Nature should be integrated into urban design and planning to make cities and urban infrastructure truly green, sustainable, and resilient, according to a new book published by the Lincoln Institute of Land Policy.
The illustrated collection of essays by leading international landscape architects, architects, city planners, and urban designers, Nature and Cities: The Ecological Imperative in Urban Design and Planning, edited by Frederick R. Steiner, George F. Thompson, and Armando Carbonell, suggests that ecologically based urban designs and plans have become economically and environmentally critical as the world urbanizes and the effects of climate change grow more severe.
The authors include a range of practitioners and scholars who explore the economic, environmental, and public health benefits of integrating nature more fully into cities. The book builds on traditions by leading thinkers during the last century such as Aldo Leopold, Ian McHarg, and Patrick Geddes and the premise of Ecological Design and Planning, also edited by George F. Thompson and Frederick R. Steiner.
Harvard professor Charles Waldheim summarizes advances in the emerging field of landscape urbanism, showing how New York City’s High Line, designed by chapter author James Corner, and Chicago’s Millennium Park transformed derelict infrastructure into public amenities that “convene community, catalyze development, and remediate environmental conditions for a newly conceived public realm.”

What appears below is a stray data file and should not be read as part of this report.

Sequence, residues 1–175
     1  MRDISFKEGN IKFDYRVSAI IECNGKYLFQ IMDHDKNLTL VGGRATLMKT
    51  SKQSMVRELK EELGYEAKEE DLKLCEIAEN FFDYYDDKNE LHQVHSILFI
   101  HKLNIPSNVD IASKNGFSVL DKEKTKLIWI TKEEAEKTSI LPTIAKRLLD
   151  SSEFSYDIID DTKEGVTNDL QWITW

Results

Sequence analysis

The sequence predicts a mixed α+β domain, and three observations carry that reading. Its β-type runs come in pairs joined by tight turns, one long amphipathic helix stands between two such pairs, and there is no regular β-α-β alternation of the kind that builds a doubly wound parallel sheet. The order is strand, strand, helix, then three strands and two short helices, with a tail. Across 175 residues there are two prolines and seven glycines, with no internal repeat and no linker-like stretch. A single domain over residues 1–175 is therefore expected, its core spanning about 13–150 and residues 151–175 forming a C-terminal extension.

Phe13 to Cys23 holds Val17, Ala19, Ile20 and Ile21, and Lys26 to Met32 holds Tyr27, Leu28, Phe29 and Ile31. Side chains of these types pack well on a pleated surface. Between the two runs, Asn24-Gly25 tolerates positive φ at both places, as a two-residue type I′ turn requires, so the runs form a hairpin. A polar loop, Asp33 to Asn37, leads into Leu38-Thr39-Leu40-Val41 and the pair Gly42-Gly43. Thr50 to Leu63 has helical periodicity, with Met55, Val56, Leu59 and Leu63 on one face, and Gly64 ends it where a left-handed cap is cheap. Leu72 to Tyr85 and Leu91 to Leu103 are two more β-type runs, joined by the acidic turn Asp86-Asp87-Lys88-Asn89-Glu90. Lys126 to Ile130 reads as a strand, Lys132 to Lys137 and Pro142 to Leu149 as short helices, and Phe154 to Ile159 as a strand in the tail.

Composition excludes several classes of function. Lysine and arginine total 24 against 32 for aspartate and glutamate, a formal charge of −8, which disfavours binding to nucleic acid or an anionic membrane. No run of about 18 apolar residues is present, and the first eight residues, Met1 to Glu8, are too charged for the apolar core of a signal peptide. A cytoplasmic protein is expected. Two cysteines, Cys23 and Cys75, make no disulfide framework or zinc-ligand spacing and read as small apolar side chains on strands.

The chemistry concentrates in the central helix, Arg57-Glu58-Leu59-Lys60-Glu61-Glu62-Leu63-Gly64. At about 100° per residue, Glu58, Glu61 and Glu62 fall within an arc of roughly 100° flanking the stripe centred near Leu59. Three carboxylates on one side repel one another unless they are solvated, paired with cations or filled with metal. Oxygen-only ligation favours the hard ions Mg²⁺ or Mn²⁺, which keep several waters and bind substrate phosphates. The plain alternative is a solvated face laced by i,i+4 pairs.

Landscape architect Kate Orff describes the restoration of oyster reefs in New York Harbor to purify water and create a living breakwater to mitigate sea level rise. And Susannah Drake calls for a U.S. infrastructure upgrade—a WPA 2.0—to renovate failing highways and other public works so they soak up water and perform other ecological functions to build resilience.
“Each author in Nature and Cities offers a sense of direction, purpose, and model for how landscape architecture, architecture, and planning can . . . be engaged in community life at every scale and in every city and town in the world,” the editors write in the introduction. “This may well mean that a new generation of practitioners will need to become instruments of enlightenment and change in occupations still very much in need of such care: notably, engineering, transportation, utilities, agriculture, resource industries, and commercial development—which, with too few exceptions, remain behind the times.
“Imagine engineers embracing the tenets of ecological design and planning as they create roads, parking lots, interstates, impoundments, and other basic infrastructure. Imagine those engaged with municipal management as well as agricultural, industrial, transportation, and utility sectors abandoning single-purpose thinking and embracing something grander and more impactful in providing benefits than does a single endeavor. Imagine a young adult being able to swim in clean waters in Rio’s Guanabara Bay, a utility company finding a safe and not just the shortest path for the transfer of power and natural gas, a corporation building parking lots that percolate and repurpose runoff, a citizenry knowing that all human life begins and ends with nature, the source of all life. Imagine that.”
To view the book’s table of contents and find out how to purchase a copy, visit the Lincoln Institute website.